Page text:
# Is it possible to make Acos return values greater than pi?

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Berke Ogulcan Parlak
on 1 Apr 2020

Commented: Berke Ogulcan Parlak
on 2 Apr 2020

##### 6 Comments

David Hill
on 1 Apr 2020

### Accepted Answer

David Goodmanson
on 2 Apr 2020

Edited: David Goodmanson
on 2 Apr 2020

Hi Berke,

I wrote a clarification to your previous question which I think should resolve that issue. It looks like you have determined (or can determine) a, c and phi and wish to solve for b and theta. The first equation in your question is just the imaginary part of

a*exp(i*x) + b*exp(i*x + i*theta) = c*exp(i*x + i*phi)

Factoring out the exp(i*x) leaves

a + b*exp(i*theta) = c*exp(i*phi)

so the sum of two phasors is a third one. [ note that multiplying this equation by its complex counjugate gives the second equation in the question ]. Solving this gives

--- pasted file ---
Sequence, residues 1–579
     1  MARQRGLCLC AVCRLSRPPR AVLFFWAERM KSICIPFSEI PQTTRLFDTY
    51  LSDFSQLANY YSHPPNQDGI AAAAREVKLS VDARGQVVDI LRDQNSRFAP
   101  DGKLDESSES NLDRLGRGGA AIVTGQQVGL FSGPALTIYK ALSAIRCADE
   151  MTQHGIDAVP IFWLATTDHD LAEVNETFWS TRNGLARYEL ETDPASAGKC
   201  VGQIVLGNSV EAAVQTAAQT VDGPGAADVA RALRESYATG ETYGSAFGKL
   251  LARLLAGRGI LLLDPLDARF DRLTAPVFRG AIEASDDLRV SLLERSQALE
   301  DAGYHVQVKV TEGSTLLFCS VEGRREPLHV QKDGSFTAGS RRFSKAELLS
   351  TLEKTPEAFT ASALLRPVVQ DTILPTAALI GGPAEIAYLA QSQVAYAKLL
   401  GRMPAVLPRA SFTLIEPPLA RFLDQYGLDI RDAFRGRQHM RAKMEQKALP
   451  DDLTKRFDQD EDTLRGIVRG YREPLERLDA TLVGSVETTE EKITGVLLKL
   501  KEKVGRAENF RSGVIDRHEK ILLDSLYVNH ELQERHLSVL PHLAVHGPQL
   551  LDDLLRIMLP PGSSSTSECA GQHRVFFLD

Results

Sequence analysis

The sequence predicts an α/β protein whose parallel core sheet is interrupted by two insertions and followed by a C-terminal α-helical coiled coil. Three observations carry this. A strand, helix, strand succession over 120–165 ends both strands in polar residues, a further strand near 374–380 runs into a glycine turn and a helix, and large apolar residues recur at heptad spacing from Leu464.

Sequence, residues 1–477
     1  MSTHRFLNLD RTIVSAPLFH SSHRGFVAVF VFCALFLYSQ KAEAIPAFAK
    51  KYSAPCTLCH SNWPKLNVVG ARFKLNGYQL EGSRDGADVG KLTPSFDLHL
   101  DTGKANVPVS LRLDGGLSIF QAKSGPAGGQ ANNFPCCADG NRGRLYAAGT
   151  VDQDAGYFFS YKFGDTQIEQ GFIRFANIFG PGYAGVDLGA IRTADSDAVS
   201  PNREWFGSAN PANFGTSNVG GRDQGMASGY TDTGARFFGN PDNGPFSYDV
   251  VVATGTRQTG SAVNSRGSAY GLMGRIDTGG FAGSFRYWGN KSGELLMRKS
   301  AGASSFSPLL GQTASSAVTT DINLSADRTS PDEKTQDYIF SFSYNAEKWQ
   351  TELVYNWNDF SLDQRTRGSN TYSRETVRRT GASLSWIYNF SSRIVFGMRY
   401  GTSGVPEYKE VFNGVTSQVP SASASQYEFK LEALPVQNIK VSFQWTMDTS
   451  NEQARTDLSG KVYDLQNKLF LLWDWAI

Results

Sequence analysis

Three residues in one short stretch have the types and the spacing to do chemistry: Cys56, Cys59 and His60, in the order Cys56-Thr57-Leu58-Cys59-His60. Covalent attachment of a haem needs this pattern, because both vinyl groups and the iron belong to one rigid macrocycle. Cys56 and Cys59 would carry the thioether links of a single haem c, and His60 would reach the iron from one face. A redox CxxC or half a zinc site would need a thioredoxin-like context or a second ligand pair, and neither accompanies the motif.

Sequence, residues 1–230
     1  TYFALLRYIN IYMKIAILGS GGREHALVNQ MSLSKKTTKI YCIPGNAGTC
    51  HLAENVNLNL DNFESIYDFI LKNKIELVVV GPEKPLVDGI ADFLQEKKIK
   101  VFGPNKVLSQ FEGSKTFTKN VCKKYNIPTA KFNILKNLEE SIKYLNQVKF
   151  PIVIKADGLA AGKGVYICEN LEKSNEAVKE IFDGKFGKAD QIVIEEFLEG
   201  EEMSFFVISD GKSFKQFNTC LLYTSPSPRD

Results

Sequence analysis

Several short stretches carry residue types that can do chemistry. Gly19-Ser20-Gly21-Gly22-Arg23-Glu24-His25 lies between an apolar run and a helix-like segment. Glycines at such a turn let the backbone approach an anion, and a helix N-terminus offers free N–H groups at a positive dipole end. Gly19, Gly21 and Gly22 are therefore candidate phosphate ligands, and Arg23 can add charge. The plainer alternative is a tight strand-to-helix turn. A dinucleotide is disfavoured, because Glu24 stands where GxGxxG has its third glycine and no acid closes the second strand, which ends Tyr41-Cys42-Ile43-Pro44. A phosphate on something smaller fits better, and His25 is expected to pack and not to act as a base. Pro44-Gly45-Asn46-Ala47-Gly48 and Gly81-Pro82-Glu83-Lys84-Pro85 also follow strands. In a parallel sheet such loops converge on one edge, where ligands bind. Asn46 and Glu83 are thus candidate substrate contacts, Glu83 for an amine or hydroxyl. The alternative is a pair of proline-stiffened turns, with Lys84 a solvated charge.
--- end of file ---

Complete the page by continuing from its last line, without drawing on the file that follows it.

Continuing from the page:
b = abs(c*exp(i*phi) - a)

theta = angle(c*exp(i*phi) - a)

Just like acos, angle has a convention that deals with 2pi ambiguity, which is -pi < angle <=pi. This means that for the case that you mentioned, angle will produce -120 degrees, not 240. That's how it is, but if you want only positive angles, then (for degrees) it would be mod(angle,360).

### More Answers (1)

Guillaume
on 1 Apr 2020

"Is it possible to make Acos return values greater than pi?"

No. The function codomain is mathematically defined as [0, π]. You can define your own reciprocal of the cosinus function with a different codomain but that won't be arccos.eg:

function y = myaccosd(x)

y = -accosd(x);

end

which would return your 240 degrees (mod 360) for an input of -0.5.

##### 4 Comments

Walter Roberson
on 1 Apr 2020

Edited: Walter Roberson
on 1 Apr 2020

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